Carpal tunnel syndrome: state-of-the-art review

Folia Morphol (Warsz). 2022;81(4):851-862. doi: 10.5603/FM.a2021.0121. Epub 2021 Nov 16.


Carpal tunnel syndrome is the most common peripheral nerve entrapment encountered worldwide. The aetiology can be related to repetitive exposure to vibrations or forceful angular motions, genetic predisposition, injury and specific conditions, such as diabetes, pregnancy and morbid obesity. This entity is observed with increased frequency in females and the elderly. The diagnosis is largely clinical and suspected when patients present with typical symptoms such as numbness, tingling, nocturnal paraesthesia and/or neuritic "pins-and-needles" pain in the radial 3.5 digits. Certain provocative manoeuvres can be employed to evoke the symptoms of the disease to guide the diagnosis. Further testing such as electrodiagnostic studies, ultrasound or magnetic resonance imaging is required in the case of diagnostic uncertainty or if there is a need for objective evaluation whether or not more invasive surgical intervention is required. If the presenting symptoms are mild and discontinuous, non-surgical measures are indicated. However, if the symptoms are moderate to severe, further testing modalities such as nerve conduction studies or needle electromyography are used to determine whether carpal tunnel syndrome is acute or chronic. If significant evidence of axonal injury is identified, surgical treatment may be indicated. Surgical release of the carpal tunnel has evolved over time to become the most common hand surgery procedure.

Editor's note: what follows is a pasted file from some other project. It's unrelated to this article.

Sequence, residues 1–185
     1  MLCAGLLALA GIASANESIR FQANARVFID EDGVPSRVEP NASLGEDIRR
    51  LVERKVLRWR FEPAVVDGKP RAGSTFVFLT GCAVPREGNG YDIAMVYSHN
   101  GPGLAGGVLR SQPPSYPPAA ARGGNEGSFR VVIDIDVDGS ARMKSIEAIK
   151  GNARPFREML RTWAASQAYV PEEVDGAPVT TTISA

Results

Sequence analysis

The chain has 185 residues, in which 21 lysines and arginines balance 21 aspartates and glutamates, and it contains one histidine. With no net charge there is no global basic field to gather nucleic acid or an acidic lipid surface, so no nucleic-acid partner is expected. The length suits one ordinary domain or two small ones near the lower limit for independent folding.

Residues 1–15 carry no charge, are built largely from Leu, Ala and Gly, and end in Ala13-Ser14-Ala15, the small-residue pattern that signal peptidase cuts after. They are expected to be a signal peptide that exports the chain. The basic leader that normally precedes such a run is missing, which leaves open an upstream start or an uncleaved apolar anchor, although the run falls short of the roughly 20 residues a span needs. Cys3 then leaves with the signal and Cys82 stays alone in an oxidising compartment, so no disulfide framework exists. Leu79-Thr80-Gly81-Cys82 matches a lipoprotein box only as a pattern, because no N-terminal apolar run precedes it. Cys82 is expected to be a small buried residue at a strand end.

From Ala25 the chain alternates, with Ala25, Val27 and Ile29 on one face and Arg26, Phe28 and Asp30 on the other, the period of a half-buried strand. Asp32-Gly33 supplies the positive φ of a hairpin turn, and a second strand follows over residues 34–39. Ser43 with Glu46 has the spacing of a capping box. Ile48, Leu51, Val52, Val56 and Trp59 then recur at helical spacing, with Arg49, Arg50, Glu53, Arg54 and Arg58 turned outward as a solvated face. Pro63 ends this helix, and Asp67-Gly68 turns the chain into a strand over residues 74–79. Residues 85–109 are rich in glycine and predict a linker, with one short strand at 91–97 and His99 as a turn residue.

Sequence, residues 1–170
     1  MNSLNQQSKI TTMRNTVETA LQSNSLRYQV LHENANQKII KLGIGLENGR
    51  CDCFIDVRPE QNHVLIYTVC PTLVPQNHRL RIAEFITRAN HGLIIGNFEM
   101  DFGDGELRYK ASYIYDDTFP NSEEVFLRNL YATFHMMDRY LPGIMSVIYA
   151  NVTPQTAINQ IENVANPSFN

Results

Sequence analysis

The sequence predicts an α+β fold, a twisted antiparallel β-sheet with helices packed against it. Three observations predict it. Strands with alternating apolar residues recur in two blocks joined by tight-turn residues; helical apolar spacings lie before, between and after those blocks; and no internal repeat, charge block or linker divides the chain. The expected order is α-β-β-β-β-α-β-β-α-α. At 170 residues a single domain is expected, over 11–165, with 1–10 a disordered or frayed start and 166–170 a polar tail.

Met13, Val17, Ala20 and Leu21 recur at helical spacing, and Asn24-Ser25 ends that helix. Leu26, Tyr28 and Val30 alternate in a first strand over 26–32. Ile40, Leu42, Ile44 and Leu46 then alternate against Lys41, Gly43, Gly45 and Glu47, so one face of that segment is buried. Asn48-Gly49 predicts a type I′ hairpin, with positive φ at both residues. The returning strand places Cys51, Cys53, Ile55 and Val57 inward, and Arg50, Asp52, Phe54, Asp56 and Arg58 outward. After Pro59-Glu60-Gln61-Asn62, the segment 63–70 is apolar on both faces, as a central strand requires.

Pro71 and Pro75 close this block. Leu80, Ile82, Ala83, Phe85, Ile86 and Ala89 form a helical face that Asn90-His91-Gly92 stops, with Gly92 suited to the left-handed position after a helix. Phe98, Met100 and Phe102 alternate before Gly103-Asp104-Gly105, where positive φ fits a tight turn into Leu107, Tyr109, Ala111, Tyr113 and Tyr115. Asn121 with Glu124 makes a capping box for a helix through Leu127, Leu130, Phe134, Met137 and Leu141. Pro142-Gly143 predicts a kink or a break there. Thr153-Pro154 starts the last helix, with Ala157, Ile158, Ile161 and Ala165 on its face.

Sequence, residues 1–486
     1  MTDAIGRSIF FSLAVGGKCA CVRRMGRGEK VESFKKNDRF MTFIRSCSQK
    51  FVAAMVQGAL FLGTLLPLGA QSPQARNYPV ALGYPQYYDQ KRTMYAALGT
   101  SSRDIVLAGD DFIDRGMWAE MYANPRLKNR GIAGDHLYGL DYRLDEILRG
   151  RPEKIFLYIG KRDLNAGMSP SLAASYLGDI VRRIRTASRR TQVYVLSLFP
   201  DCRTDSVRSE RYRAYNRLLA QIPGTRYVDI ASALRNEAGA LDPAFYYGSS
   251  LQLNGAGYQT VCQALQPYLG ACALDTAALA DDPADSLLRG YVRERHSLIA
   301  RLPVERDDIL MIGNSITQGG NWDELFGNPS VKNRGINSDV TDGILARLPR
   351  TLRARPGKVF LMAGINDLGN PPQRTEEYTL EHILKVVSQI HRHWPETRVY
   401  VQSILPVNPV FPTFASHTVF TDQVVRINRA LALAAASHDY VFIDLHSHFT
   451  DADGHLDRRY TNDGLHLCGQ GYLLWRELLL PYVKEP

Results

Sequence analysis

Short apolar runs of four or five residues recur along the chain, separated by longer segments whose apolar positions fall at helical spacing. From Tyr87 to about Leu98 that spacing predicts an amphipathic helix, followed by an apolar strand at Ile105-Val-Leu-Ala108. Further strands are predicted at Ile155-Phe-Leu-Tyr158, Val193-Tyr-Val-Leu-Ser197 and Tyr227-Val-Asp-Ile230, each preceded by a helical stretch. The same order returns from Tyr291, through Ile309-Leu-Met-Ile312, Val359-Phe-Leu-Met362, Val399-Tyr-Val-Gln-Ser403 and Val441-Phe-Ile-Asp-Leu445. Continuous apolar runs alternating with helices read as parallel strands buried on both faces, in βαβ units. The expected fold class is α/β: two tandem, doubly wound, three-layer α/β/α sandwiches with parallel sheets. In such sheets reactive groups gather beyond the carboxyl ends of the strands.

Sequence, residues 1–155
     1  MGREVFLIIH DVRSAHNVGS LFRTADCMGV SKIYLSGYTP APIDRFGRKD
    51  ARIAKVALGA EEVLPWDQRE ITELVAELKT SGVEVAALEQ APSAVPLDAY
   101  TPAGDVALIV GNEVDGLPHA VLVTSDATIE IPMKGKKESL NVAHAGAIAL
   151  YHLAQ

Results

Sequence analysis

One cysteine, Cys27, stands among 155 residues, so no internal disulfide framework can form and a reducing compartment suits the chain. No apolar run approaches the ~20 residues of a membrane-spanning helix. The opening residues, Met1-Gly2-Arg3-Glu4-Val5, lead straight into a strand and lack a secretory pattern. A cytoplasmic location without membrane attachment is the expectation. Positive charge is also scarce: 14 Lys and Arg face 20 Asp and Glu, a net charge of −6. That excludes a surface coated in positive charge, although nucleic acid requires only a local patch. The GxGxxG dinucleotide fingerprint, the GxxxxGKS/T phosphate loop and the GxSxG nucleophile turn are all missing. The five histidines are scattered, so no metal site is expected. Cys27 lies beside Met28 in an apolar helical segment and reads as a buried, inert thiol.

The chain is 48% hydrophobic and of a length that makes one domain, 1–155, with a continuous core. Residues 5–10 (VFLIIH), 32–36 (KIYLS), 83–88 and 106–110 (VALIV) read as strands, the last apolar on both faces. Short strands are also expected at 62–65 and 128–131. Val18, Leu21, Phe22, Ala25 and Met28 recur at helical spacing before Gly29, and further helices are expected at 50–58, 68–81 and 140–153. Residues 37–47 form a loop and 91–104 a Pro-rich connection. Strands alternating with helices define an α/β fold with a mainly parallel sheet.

Keywords: carpal tunnel syndrome; entrapment neuropathy; median nerve; open carpal tunnel release.

MeSH terms

  • Aged
  • Carpal Tunnel Syndrome* / diagnosis
  • Carpal Tunnel Syndrome* / etiology
  • Carpal Tunnel Syndrome* / surgery
  • Female
  • Humans
  • Magnetic Resonance Imaging
  • Median Nerve
  • Ultrasonography
  • Wrist